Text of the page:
Impact of COVID-19 on Overseas Education
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Six months into the pandemic, the world is still grappling with the toll the novel coronavirus is having on people’s health and wellbeing. According to latest reports, there are now more than 13 million COVID-positive cases and the virus has led to the death of more than 500,000 people worldwide. Although health systems are more prepared now than they were at the outset of the outbreak, authorities face a tough juggling act. They must balance the economic imperative to ‘open up’ against medical advice to continue with some form of social restraint.
This conundrum impacts international education as well. By its very nature, overseas education has until now required students to travel abroad to pursue a higher education degree overseas. On the business front, steady growth in international student numbers has paved the way for the global tertiary education market to emerge as a solid industry. According to a recent report, the international higher education market was valued at $65.4 billion in 2019 and is projected to reach (by pre-pandemic calculations) $117.95 billion by 2027.
It goes without saying that these impressive numbers for projected growth will have to be adjusted in the light of the pandemic. COVID-19 is impacting student aspirations due to health concerns that are tied up with exposure to large social networks and the dangers and risks associated with international travel. Educational institutions too are wary of returning to pre-COVID operations given the high risk associated with interaction between large numbers of people in indoor settings.
However, it is not all bleak and hopeless. I think that the overnight shift that COVID-19 occasioned, with nearly every educational institution moving online, will chart a new path for the future of international education. Let us take a closer look to see how this will happen.
New Priorities for Learning
In the immediate term, there is no doubt that thousands of prospective international students will do a U-turn on their former plans to apply abroad. This could be driven by shifts in international policy that place restrictions on foreign students or concerns about the contagiousness of COVID-19. But students who had been preparing to study abroad will revisit their plans.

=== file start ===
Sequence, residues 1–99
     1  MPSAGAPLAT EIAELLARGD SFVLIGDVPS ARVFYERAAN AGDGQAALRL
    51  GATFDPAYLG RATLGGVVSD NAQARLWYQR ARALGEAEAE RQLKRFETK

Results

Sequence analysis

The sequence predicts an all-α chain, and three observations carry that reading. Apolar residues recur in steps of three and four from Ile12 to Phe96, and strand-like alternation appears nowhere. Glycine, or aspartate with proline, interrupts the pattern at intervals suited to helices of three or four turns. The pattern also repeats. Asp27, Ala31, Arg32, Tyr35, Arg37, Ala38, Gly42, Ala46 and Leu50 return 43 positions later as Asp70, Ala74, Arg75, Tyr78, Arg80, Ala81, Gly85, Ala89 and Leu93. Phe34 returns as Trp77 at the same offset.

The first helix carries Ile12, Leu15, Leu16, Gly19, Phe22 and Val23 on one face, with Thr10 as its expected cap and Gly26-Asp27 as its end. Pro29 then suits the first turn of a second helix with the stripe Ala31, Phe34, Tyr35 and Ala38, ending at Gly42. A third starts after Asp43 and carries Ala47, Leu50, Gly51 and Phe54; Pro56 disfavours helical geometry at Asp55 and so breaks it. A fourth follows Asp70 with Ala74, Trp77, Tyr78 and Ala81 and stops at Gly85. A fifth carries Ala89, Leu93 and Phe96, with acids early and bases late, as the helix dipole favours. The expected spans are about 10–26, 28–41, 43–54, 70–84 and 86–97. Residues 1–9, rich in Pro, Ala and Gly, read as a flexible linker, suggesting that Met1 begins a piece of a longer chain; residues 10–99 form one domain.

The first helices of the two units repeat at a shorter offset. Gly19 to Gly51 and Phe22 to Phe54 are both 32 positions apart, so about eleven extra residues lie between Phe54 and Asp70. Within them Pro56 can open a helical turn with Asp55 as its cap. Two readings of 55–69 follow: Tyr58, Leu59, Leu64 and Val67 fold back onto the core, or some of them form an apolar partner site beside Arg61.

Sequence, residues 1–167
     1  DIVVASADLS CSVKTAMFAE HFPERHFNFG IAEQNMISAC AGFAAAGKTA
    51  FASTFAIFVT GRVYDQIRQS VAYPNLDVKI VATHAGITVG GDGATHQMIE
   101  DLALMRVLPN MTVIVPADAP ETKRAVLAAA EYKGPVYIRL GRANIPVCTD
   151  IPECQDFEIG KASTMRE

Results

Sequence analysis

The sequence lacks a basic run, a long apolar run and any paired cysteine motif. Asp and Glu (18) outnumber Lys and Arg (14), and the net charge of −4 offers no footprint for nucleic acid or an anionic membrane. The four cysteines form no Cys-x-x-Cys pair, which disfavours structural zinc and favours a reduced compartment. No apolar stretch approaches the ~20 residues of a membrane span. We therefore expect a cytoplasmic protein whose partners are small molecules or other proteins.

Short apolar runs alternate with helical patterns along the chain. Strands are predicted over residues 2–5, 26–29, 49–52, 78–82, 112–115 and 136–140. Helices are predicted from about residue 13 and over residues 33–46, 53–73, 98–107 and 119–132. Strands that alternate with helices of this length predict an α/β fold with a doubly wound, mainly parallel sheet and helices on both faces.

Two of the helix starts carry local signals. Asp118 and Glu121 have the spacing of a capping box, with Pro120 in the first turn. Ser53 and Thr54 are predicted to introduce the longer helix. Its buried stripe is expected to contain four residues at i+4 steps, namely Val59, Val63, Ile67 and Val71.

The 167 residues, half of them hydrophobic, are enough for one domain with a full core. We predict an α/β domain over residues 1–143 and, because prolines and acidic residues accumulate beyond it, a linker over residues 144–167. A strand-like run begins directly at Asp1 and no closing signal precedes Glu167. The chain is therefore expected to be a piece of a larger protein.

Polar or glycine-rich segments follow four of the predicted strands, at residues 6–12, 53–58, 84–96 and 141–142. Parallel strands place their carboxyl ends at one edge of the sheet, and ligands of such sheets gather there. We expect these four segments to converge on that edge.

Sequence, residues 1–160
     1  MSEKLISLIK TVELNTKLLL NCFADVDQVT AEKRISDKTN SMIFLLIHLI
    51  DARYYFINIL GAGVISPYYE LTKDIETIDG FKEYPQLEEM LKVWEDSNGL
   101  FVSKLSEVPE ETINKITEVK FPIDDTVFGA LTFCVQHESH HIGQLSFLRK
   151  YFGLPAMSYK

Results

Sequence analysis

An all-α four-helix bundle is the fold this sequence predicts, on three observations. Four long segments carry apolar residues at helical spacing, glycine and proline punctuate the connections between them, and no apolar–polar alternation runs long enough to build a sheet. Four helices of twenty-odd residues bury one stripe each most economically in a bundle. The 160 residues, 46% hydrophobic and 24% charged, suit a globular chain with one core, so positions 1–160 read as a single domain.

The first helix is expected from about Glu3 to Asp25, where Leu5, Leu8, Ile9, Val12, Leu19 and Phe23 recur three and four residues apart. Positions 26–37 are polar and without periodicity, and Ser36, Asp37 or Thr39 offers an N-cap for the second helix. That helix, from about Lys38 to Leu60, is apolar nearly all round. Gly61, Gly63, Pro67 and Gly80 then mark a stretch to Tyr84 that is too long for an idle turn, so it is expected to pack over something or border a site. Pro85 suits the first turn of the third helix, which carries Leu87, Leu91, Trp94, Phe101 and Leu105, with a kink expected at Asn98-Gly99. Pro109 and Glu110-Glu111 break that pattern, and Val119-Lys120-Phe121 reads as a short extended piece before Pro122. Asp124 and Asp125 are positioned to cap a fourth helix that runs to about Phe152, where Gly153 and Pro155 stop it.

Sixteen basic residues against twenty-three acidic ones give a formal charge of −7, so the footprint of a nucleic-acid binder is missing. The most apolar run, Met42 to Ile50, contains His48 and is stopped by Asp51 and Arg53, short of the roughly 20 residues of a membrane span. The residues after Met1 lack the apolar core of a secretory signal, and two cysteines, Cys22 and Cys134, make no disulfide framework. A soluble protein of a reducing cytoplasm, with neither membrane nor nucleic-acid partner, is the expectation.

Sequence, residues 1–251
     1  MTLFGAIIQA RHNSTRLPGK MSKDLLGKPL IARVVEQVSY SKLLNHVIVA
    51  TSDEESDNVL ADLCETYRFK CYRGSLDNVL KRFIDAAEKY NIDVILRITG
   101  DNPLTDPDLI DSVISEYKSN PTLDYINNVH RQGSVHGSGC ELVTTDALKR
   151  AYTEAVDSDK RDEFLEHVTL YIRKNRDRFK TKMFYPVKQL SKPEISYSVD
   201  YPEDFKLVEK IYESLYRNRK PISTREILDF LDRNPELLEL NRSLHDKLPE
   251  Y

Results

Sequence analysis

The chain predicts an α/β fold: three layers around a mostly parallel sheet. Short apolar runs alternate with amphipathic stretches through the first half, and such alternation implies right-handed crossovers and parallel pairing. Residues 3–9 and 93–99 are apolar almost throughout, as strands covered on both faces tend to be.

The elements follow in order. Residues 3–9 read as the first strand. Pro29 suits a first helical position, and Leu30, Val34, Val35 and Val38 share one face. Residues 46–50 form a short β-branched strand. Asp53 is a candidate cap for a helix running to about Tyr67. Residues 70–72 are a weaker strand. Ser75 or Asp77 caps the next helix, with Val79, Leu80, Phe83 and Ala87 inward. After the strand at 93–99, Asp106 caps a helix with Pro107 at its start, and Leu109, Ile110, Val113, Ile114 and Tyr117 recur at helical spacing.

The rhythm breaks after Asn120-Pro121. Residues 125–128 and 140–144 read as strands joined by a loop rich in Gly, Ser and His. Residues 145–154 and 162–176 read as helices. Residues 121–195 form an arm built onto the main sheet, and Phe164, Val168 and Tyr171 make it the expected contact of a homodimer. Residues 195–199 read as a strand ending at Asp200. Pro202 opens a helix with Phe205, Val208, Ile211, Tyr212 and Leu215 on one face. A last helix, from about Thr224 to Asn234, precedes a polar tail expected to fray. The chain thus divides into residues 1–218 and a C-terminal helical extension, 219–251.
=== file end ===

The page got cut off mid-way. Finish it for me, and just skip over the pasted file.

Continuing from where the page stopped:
However, this does not necessarily mean that they will give up studying in international institutions. Students who have aspired to get an overseas education for the experience of living and studying abroad will opt for courses that while being mainly online will include a small but compulsory offline component. And others will seek opportunities to pursue a college degree in international institutes that offer blended learning and also consider enrolling in international universities that set up branches closer to home. Although the latter will take some time to take shape, I do see this as a trend that will pick up momentum in the coming years.
A Shift in Learning Destinations
A closely related second development I see shaping up naturally as a result of the pandemic is a gradual shift in learning destinations. Already, we have been seeing this take place even before the pandemic with students finding it more useful to choose locations closer home. Now, as an outcome of COVID-19, this trend will only get stronger. This will mean that popular courses in some of the worst affected countries, including those in Spain and Italy, will suffer in the short run. But other courses that have been typically overlooked closer home will garner more interest.
Emergence of New Learning Paradigms
A third development I foresee is the emergence of more inclusive and collaborative models of higher learning. What do I mean by this? Let me explain. As countries get pushed to make online learning modules more mainstream, they will be able to bridge the gap in access to quality education. Young students who were earlier unable to afford college degrees both because of prohibitive costs and the requirement to attend in person will find it easier to enrol for higher education courses—those available locally and those available virtually from anywhere across the globe.
Lessons from these students’ experience will enrich existing educational institutions by expanding their expertise. And universities from developing and developed nations will gain from exchanging ideas and resources on how to build on this expanded and more inclusive community of international learners.
All crises are hard to live through and COVID-19 is no exception. However, extraordinary times also provide opportunities to relook at old ways of doing things and I believe this is equally applicable to education. Tertiary education has typically been considered the privilege of the few and associated with privilege and leisure. The pandemic may prove to be a turning point in how higher learning is structured, provided and perceived. But it will take a concerted effort for the education sector to come together, leverage its strengths and reshape higher learning as an opportunity that is truly open to all.